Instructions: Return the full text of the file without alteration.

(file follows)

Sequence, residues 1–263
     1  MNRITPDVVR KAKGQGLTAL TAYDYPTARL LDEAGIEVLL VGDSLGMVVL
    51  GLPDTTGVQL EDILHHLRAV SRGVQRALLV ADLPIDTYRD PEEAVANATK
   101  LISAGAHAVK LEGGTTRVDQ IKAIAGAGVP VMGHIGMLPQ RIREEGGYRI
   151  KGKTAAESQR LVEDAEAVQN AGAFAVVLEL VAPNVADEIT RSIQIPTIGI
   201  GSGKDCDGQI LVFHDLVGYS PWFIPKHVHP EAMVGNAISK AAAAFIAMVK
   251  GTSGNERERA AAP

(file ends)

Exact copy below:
Sequence, residues 1–263
     1  MNRITPDVVR KAKGQGLTAL TAYDYPTARL LDEAGIEVLL VGDSLGMVVL
    51  GLPDTTGVQL EDILHHLRAV SRGVQRALLV ADLPIDTYRD PEEAVANATK
   101  LISAGAHAVK LEGGTTRVDQ IKAIAGAGVP VMGHIGMLPQ RIREEGGYRI
   151  KGKTAAESQR LVEDAEAVQN AGAFAVVLEL VAPNVADEIT RSIQIPTIGI
   201  GSGKDCDGQI LVFHDLVGYS PWFIPKHVHP EAMVGNAISK AAAAFIAMVK
   251  GTSGNERERA AAP